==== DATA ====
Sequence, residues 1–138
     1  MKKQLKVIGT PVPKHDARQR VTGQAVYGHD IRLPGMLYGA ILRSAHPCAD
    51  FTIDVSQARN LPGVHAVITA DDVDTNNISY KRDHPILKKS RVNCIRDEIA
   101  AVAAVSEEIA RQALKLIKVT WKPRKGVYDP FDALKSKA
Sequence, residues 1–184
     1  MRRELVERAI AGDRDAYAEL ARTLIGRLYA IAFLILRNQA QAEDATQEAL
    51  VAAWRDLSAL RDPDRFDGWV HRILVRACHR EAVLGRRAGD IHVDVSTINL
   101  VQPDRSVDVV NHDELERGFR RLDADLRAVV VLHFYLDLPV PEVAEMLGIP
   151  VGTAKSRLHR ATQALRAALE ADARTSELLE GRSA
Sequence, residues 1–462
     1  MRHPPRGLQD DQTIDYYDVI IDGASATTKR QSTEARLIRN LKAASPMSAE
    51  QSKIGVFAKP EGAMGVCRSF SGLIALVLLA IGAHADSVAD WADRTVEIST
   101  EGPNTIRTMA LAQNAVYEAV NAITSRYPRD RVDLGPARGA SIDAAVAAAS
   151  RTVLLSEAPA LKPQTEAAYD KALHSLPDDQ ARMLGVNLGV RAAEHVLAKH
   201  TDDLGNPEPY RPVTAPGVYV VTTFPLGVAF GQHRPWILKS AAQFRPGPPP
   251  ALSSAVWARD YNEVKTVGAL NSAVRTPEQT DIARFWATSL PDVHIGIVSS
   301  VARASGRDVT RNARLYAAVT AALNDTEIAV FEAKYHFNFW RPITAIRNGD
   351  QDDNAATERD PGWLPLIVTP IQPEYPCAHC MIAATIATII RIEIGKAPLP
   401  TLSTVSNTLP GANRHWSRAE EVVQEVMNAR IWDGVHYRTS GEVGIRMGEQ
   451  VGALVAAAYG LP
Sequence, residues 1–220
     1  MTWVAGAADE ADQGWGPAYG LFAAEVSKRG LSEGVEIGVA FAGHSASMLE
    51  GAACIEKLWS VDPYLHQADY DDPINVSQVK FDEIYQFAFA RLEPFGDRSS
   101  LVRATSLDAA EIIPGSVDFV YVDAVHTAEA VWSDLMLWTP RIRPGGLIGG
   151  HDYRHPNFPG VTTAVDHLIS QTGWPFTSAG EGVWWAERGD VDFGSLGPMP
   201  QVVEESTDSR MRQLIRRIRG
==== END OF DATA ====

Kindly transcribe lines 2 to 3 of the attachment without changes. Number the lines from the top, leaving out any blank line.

     1  MKKQLKVIGT PVPKHDARQR VTGQAVYGHD IRLPGMLYGA ILRSAHPCAD
    51  FTIDVSQARN LPGVHAVITA DDVDTNNISY KRDHPILKKS RVNCIRDEIA